Using technology to target online ads is not a new idea, but that doesn’t make it a bad one. An interview in e-consultancy’s daily briefing yesterday with Paul Cook of PositiveFeedback got me thinking about this topic and it seems to me that this market might be about to have it’s time.
PositiveFeedback is a firm that provides targeting tools for online retailers and their ad agencies.
I took two things away from the interview:
- The realisation that many sites haven’t been ready for ad targeting until now – to get value out of targeting ads you need to be measuring ad performance and have a well designed site. Many companies are only getting to that point now, and in this context it is important to remember that a lot of targeting can be done manually – technology is only required to squeeze out the last bit of extra yield – so ad optimising technology hasn’t historically made it to the top of people’s priority lists.
- There is a lack of clarity on the uplift in converstion that targeting will bring. On the one hand in the interview Paul Cook says 10% is a reasonable target for most websites, and on the other we have Glen Drury of Yahoo UK saying in the Sunday Times that they get 56%.
This makes it sound like an early market to me. Only starting to get to the top of the priority list for customers and disagreement on the benefits available. If it is an early market the obvious next question is how big it will be. My gut tells me there is a lot to go after here – particularly as the amount of low CPM inventory keeps rising as social networks grow in popularity.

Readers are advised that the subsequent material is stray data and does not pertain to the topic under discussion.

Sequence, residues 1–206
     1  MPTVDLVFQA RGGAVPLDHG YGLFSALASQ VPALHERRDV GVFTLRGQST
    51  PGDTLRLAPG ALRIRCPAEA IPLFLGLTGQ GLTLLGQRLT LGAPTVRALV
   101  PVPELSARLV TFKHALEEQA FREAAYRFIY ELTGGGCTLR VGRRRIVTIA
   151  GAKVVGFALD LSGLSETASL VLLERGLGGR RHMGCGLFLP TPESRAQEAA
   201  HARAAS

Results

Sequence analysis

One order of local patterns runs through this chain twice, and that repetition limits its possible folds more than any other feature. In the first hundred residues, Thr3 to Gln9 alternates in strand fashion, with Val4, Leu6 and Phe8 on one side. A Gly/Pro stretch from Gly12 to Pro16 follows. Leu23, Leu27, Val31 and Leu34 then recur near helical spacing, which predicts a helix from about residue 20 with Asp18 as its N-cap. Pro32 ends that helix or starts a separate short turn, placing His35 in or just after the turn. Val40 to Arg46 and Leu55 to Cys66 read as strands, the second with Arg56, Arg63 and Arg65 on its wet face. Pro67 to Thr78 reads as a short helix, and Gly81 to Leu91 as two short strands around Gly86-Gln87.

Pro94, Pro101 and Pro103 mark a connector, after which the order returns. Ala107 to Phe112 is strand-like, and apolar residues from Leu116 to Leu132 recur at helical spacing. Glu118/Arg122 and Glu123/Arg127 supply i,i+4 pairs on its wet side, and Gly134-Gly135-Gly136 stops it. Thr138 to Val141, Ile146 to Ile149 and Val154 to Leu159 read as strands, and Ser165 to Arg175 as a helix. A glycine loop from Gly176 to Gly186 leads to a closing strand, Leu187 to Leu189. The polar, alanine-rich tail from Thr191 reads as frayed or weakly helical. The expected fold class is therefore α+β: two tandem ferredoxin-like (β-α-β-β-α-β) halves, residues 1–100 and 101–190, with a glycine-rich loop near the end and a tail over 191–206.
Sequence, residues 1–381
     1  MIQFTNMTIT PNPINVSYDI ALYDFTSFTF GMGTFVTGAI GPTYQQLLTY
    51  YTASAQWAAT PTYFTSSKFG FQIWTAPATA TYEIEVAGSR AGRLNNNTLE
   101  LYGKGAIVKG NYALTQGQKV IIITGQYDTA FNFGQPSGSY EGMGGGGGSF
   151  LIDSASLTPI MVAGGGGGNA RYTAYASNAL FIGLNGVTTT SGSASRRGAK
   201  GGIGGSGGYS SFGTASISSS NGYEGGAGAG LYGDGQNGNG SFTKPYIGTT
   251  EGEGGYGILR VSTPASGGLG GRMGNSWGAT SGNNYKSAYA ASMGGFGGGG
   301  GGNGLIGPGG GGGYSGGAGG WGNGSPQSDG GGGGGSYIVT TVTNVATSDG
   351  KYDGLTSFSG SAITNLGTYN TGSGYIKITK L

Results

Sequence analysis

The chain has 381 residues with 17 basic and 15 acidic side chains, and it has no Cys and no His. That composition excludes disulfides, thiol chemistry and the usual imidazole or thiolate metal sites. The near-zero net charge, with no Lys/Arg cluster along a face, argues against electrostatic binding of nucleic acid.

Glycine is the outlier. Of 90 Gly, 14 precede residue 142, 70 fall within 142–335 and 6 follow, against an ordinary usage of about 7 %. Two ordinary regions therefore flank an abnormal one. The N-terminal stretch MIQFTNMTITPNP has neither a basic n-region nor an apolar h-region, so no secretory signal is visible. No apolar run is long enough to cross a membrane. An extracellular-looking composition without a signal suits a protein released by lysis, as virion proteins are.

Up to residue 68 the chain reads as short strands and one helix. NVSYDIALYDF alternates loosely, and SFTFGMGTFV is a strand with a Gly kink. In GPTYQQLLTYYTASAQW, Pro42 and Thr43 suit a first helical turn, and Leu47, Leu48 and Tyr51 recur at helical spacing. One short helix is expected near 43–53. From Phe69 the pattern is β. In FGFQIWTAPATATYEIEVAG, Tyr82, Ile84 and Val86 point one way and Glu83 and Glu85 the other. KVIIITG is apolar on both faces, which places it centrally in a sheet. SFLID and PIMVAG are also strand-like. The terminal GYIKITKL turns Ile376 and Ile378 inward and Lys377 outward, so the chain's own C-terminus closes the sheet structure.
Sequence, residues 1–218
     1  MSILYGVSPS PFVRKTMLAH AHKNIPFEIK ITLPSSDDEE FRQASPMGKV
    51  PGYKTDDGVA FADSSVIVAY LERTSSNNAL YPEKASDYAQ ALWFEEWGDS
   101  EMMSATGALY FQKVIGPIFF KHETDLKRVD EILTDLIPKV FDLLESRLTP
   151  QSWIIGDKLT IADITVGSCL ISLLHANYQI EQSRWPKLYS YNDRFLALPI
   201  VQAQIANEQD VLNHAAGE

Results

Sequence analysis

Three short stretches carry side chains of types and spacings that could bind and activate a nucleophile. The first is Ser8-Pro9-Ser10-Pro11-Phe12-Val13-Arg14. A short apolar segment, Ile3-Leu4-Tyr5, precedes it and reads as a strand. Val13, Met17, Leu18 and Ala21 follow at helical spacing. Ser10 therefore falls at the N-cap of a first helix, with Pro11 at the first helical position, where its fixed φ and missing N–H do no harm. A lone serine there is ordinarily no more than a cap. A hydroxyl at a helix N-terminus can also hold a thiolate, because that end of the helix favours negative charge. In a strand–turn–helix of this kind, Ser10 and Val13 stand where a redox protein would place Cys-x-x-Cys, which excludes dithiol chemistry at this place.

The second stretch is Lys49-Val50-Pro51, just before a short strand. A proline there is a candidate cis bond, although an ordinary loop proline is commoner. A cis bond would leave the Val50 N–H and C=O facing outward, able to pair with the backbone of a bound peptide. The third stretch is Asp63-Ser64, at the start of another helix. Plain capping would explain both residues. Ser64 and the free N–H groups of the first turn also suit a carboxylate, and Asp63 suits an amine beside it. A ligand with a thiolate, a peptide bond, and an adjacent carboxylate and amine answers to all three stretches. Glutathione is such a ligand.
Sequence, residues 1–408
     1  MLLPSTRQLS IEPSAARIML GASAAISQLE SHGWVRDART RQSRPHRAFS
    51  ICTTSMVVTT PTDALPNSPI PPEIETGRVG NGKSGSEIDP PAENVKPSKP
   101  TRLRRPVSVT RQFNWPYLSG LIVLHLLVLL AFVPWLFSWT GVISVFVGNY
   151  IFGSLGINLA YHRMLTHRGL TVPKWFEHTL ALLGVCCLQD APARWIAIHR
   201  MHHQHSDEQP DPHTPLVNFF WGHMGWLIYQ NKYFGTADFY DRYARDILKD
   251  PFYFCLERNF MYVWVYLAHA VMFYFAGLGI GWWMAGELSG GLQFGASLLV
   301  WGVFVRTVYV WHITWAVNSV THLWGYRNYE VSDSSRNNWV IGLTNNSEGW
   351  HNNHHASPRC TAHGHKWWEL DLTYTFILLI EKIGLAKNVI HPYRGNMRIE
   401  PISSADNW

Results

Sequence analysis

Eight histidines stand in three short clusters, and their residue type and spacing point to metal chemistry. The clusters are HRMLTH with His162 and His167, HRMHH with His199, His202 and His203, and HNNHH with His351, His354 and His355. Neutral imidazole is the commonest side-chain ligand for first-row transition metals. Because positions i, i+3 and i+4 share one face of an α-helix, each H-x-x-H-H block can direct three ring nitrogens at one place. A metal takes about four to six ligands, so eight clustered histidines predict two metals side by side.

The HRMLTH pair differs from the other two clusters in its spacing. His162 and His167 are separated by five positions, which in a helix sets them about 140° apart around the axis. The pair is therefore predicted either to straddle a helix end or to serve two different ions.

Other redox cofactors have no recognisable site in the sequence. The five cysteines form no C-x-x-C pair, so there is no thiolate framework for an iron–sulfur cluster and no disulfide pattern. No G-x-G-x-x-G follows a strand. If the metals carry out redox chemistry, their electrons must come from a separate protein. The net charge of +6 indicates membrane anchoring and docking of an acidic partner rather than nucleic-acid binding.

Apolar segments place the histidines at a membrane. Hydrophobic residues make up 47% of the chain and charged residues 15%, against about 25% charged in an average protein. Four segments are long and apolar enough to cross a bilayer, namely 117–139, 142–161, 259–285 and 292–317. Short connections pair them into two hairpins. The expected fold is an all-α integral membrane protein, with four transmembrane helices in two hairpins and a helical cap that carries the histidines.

So far companies in this market have generally had a difficult time. Advertising.com (in which we invested when I was at Reuters) has been an exception, and they achieved success by using their optimisation technology to arbitrage play, buying on CPM and selling on CPA.
There are signs that things might be chaning though – Revenue Science looks like it is making good headway, Wunderloop is a very interesting company in this space with some interesting backers, as is Tacoda, and finally Ominture bought UK behavioural targeting business TouchClarity earlier this year.
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